Why has S&P downgraded Australia from the top tier? Let’s look at the subsidiary S&P analysis for system-wide funding. In these subsidiary tables, scoring ranges from a high of 1, to a low of 6. Australia is nearly falling off the wrong end of the chart, with a score of 5. And this is after the banking system has made substantial improvements in the past three years. This liquidity assessment helps to explain why Australia’s banking system is no longer placed by S&P in the very top tier for soundness.
We do not agree with S&P on all of their analysis. Among other things, we think that sourcing long-term funding offshore is sensible, and the fact that Australian bank borrowings are hedged to our sovereign currency is probably understated as a strength. It is clear, however, that Australian banks are an international outlier in their reliance upon foreign and wholesale funding, for domestic and retail assets.
The Basel III liquidity reforms include worthwhile improvements in risk governance. I don’t propose to discuss these improvements today, other than to note that APRA is already supervising ADIs on the expectation that they meet, or are moving towards meeting, these liquidity risk governance standards.
The Basel III quantitative liquidity standards have received much more attention. These standards are the Liquidity Coverage Ratio, or LCR, and the Net Stable Funding Ratio, or NSFR. In both cases, upon their respective 2015 and 2018 introduction dates, the requirement will be that the ratios exceed 100 per cent.
The LCR and NSFR in Australia will only apply to those ADIs, essentially the banks, which are required by APRA to manage their liquidity using scenario analysis. Other ADIs, largely credit unions and building societies, will not need to meet the LCR and NSFR, and largely will be held to their current liquidity requirements.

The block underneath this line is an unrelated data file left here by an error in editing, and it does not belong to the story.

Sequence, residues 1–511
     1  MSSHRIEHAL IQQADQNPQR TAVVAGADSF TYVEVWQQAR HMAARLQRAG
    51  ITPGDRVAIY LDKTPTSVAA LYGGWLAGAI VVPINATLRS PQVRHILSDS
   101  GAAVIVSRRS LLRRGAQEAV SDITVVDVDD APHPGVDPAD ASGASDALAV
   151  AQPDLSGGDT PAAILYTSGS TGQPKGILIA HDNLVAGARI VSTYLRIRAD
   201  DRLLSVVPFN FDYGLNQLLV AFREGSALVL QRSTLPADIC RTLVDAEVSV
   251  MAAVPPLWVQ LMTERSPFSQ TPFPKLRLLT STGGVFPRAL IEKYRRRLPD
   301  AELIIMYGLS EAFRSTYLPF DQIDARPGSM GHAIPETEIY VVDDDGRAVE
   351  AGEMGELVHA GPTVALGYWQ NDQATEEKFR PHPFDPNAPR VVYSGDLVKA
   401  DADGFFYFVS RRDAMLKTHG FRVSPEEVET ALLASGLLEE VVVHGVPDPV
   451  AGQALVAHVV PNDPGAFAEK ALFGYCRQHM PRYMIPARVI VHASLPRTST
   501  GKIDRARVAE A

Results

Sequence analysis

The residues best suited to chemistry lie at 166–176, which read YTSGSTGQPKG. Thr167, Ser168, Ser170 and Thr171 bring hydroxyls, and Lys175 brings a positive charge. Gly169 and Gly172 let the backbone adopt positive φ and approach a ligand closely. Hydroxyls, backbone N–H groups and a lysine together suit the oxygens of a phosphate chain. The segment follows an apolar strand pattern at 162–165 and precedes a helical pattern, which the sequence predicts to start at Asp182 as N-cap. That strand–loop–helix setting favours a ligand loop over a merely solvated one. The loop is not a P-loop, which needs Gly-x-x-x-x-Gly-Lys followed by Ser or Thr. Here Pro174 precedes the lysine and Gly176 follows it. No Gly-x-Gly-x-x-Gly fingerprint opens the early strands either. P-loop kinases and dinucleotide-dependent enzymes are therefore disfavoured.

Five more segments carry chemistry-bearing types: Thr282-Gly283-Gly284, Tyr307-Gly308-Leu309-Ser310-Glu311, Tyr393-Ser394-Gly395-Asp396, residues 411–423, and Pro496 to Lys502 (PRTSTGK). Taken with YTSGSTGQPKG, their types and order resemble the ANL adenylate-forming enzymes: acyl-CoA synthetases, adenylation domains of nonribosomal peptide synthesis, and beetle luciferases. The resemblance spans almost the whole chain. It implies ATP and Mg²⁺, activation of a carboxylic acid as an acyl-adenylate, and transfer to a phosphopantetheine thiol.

A 100 per cent LCR translates into a 30 calendar day survival horizon for a bank experiencing a specified name stress. Broadly, this stress involves the markets refusing to extend new facilities or roll some facilities with the bank, but the stress does not extend to a full scale run. This test is roughly four times more demanding than the current APRA liquidity requirement, which mandates a five business day survival horizon.
The NSFR is not a survival test, but instead assesses the degree to which a bank’s illiquid assets are funded by capital, stable deposits, or long term funding.
The global application of the LCR is based upon several assumptions that do not apply in Australia, or for that matter in New Zealand. The critical assumption is that banks can find a large stock of government paper, well-rated corporate bonds, and other non-bank assets from which to build a pool of liquid assets. In Australia,for the excellent reasons of low government indebtedness, and low corporate leverage, this critical assumption does not hold.
In our QIS work on the LCR, the larger banks are currently running at about a 31 per cent ratio, before considering the RBA’s liquidity facility, vs. the 100 per cent minimum. The ratio is based upon two defined terms: net cash outflows, and high quality liquid assets.